February 2011: (R) Academy of Criminal Justice Sciences Annual Meeting, Toronto, Canada; Paper Title: Developing a Multidimensional Account of Judicial Analyitics (with M. Weinrath, delivered by M. Weinrath)

June 2010 (R) Congress 2010, Canadian Law and Society Association, Concordia, Montreal; Paper Title: The Labaye Harm Technology: Old Functionalism in Neo-Liberal Attire (equal co-author with Dr. Kirsten Kramar); (R)  Paper Title: Critical Methodologies and Swinging Sexuality – Describing the Harm Principle of Obscenity and Indecency in Canada (equal co-author with Dr. Kirsten Kramar)

May 2010: (R)  Centre for Interdisciplinary Justice Studies: Practicing Justice Conference, University of Winnipeg;Paper Title: The Labaye Court: Constituting Faux Harm in Service of Indecency (equal co-author with Dr. Kirsten Kramar)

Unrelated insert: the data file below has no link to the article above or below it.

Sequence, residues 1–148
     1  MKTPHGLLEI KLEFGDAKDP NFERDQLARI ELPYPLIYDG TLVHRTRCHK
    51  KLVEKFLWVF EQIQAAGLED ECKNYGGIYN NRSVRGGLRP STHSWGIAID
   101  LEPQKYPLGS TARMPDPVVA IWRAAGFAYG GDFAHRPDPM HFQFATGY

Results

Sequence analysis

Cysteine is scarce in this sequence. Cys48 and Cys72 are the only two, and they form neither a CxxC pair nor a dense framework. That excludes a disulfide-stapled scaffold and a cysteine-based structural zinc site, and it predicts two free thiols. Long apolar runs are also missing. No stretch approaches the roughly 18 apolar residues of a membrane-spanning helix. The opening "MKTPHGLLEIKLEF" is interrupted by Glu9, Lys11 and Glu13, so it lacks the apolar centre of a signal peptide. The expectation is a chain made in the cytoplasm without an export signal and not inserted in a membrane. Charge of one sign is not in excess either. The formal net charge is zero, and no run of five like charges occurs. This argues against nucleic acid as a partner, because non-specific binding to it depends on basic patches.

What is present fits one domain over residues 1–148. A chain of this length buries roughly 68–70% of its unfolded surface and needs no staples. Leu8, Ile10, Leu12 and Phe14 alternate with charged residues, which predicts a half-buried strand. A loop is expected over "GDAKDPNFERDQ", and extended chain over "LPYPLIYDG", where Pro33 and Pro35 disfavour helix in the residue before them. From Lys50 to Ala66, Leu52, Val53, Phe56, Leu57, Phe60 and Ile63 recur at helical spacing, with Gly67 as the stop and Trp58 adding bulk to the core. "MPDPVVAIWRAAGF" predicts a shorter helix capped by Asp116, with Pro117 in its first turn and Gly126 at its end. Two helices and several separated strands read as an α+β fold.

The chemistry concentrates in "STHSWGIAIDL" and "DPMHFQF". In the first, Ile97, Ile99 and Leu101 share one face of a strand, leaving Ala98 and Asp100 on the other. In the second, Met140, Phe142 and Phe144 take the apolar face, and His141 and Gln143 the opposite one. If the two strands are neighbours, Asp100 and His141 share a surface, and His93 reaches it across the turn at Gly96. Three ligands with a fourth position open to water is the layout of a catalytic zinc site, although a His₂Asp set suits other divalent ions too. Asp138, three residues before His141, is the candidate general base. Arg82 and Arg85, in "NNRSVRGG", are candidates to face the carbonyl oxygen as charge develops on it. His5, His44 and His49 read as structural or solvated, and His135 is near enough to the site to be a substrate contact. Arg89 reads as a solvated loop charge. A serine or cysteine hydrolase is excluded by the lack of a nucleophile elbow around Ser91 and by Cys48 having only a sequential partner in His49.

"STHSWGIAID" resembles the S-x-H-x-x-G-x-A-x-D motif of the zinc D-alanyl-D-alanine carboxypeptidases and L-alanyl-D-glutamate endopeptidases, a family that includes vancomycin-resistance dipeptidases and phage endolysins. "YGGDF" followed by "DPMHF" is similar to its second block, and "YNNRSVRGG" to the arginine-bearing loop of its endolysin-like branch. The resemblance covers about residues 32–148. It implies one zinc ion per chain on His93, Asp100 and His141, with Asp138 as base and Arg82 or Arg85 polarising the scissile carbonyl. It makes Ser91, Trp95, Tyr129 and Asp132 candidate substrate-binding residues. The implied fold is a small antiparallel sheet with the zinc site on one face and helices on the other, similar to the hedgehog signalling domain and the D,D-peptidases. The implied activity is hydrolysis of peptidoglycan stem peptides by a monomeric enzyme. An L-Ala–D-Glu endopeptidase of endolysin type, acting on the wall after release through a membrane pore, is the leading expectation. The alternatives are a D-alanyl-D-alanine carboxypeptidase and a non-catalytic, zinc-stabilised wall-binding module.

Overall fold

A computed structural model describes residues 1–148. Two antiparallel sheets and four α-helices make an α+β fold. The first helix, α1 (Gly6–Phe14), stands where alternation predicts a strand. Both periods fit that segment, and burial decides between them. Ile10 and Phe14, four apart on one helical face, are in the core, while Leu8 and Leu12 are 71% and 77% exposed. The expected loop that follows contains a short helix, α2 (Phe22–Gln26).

February 2010: (R) Academy of Criminal Justice Sciences Annual Meeting, San Diego, California; Paper Title: Interdisciplinary Approaches to Justice: Some Canadian Reflections

May 2009: (R)  Congress 2009, Canadian Law and Society Association, Carleton University, Ottawa; Paper Title: In the Wake of Labaye: Community Standards of Harm – Progress or Futility?

April 2009: (R)  “Theorizing Justice” Conference,  University of Winnipeg; Paper Title: Multidimensional Analysis of Judicial Activism